It’s been a while. Ok, years. It’s been years. Life got busy and blog posts went by the wayside. For all five of you out there that follow my posts (thanks guys, you’re the greatest!) I hope to have a post up once a week or so from now on.
Much has happened in the last five years, some of it deeply impactful but rather than sell myself or these experiences short, I’ll discuss them as they come up in future blog posts. There’s a lot of life that happens in five years!
I want to start this ‘new’ blog talking about laughter. It is SO important.
Laughter is one of the fundamental expressions of life; we don’t really think about it much, except when we’ve laughed until we can’t breathe, or that teeny tiny little bit of wee escapes, as happened to an *ahem* friend. We tend to associate laughter with humans, however research has repeatedly shown that all mammals laugh, not just humans. It also shows that you’re 30 time more likely to laugh if you are sharing the joke with someone else.
We’ve all heard that laughter is the best medicine, but is there any basis of science behind this? Yes, surprisingly there is.
According to the Mayo Clinic the benefits of laughter can be categorised as short term and long term.
In the short term, laughter can:
- Stimulate many organs. Laughter Increases your intake of oxygen-rich air, stimulates your heart, lungs and muscles, and increases the endorphins that are released by your brain.
- Activate and relieve your stress response. Laughter will fire up and then cool down your stress response, increase your heart rate and blood pressure, leading to feeling calm and relaxed.
- Soothe tension. Laughing will stimulate circulation, muscle relaxation, help reduce physical symptoms of stress.
And in the longer term, laughter will:
- Improve your immune system. Our negative thoughts manifest into chemical reactions that can affect our whole body by bringing more stress into your system and decreasing your immunity. In contrast, positive thoughts can actually release neuropeptides that help fight stress and potentially more-serious illnesses.
- Relieve pain. Laughter may ease pain by causing the body to produce its own natural painkillers.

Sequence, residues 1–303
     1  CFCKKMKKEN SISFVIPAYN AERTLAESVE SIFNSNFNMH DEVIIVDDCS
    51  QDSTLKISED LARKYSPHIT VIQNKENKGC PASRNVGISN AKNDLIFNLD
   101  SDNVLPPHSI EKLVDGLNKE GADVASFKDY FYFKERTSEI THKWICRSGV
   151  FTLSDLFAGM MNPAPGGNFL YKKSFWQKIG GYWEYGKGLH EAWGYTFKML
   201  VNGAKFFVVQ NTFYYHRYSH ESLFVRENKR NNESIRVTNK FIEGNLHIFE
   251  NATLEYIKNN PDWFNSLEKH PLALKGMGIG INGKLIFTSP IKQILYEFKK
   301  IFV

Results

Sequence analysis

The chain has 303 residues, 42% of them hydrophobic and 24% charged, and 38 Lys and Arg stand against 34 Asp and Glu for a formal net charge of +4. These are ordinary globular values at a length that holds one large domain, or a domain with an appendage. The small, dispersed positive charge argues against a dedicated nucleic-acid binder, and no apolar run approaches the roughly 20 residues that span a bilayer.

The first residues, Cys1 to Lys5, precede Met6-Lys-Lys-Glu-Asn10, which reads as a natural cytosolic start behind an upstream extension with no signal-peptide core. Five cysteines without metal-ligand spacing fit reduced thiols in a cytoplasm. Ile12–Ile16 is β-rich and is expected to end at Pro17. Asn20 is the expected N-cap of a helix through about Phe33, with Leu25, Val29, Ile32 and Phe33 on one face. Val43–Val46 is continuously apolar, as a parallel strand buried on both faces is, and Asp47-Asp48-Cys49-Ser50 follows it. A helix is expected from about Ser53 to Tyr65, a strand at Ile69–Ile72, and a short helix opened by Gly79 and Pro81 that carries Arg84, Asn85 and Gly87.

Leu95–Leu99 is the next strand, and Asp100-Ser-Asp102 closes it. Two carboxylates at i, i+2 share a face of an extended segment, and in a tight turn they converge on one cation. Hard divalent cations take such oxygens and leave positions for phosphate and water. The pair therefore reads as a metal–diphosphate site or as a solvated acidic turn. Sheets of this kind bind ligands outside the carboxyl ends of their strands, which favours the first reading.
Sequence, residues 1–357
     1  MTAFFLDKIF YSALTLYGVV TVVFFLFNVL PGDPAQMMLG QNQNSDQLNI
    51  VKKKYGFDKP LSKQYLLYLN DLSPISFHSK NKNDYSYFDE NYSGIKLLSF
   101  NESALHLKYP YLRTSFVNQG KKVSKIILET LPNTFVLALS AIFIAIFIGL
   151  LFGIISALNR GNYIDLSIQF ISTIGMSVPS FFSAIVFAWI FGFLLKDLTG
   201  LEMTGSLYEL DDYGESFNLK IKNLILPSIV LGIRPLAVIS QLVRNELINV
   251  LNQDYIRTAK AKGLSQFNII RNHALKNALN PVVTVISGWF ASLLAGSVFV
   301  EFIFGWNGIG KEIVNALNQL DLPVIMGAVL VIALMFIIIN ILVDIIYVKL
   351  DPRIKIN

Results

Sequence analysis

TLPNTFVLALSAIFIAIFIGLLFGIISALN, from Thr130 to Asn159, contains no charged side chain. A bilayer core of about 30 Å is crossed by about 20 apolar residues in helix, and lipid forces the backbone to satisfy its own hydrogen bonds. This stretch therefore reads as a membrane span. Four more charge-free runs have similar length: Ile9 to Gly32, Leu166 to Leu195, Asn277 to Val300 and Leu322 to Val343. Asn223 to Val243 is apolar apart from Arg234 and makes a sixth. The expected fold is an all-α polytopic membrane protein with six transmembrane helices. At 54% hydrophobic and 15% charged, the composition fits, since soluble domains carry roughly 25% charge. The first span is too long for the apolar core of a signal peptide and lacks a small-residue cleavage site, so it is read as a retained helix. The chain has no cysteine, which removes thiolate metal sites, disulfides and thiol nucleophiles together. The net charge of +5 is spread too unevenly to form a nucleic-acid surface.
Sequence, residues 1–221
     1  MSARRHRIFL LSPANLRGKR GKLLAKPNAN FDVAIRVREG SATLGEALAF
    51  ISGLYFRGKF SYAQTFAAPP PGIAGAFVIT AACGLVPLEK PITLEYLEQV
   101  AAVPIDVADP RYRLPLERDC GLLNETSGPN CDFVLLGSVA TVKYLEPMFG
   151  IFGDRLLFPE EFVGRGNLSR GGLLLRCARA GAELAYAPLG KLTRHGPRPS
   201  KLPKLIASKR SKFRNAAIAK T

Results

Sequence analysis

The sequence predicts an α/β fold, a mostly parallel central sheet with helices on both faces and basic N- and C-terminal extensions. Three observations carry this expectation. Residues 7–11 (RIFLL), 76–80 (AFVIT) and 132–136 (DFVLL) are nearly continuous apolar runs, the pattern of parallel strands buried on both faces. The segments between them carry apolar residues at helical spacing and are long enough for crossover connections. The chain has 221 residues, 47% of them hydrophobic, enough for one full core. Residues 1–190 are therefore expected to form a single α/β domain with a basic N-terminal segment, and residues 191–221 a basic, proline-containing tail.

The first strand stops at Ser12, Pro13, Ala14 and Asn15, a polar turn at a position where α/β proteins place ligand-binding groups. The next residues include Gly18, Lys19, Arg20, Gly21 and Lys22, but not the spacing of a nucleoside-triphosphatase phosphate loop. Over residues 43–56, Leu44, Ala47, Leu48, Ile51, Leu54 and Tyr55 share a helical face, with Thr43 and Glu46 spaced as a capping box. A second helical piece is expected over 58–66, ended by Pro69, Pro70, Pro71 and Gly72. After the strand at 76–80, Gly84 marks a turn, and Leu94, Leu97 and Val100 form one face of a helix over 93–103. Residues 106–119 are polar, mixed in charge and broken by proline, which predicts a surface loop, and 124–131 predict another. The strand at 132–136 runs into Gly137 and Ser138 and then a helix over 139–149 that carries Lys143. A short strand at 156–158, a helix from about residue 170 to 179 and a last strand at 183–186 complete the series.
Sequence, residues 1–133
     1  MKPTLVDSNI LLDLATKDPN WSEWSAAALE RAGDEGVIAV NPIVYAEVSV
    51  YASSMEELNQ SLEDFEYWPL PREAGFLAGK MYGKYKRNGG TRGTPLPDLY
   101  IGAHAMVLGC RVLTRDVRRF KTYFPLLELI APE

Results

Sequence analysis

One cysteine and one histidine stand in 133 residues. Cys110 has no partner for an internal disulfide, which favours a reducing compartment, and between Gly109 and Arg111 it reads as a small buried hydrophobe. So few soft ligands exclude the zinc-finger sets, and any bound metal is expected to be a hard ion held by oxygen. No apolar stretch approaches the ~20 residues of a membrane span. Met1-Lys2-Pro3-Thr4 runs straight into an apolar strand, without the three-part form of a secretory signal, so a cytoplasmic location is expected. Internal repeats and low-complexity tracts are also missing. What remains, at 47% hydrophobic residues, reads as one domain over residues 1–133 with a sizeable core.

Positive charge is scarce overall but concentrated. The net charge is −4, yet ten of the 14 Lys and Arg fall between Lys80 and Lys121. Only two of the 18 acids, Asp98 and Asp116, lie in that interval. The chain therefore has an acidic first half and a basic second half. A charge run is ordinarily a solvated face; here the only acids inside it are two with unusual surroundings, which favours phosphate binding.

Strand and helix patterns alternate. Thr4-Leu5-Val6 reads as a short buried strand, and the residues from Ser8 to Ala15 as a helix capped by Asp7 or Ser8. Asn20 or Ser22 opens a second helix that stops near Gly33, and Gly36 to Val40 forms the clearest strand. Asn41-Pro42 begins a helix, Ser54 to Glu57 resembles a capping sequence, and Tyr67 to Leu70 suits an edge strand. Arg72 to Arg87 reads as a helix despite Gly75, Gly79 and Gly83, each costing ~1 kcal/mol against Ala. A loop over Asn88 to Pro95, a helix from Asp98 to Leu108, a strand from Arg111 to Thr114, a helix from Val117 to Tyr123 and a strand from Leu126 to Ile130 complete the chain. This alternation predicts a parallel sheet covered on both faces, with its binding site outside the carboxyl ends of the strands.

- Increase personal satisfaction. Laughter can also make it easier to cope with difficult situations. It also helps you connect with other people.
- Improve your mood. Laughing releases endorphins, our natural ‘feel-good’ chemicals in our body.
Neuroscientist Sophie Scott has studied the neuro-biology of laughter, and has found that there are predominantly two types of laughter. The first is social or posed laughter. This type of laughter is used in social interactions to join in, or demonstrate your belonging in the group or the ‘getting’ of the joke. It is effectively another form of speech, and tends to be deliberate and sometimes even nasally.
The second type is the one I’m interested in though. Involuntary Laughter goes for longer, is contagious and sounds higher pitched, along with an assortment of snorts, snuffles and splutters. This type of laughter can diffuse tense situations, and help us deal with difficult situations. We all have that one friend who has inappropriate timing with their jokes, yet often appreciated.
Functional MRI scans taken while people are experiencing these two types of laughter show that the involuntary laughter lights up a totally different area of the brain. Where as social laughter lights the areas of the brain associated with mentalising, or thinking about what other people are thinking about (“what’s the joke?”) involuntary laughter mostly activates the cortex area of the brain responsible for auditory processing. A critical component in any situation, especially classrooms when asking children to follow directions.
“This is all very interesting,” I can hear you thinking, “but what does it have to do with being gifted?” Ever met a person who will start laughing for seemingly no reason at all? Or a child who will laugh themselves into a puddle on the ground over something that’s just not that funny?
We see the world in four dimensions, trains of thoughts that segway off from each other faster than the speed of light, and that can spin to a stop when they hit a wall of funny.
So next time you feel you are being left out of the joke, or missing something that someone else has found hilarious, rather than give them a funny look, ask what’s funny, and laugh along with them to better health.
Life is short, so laugh long and prosper!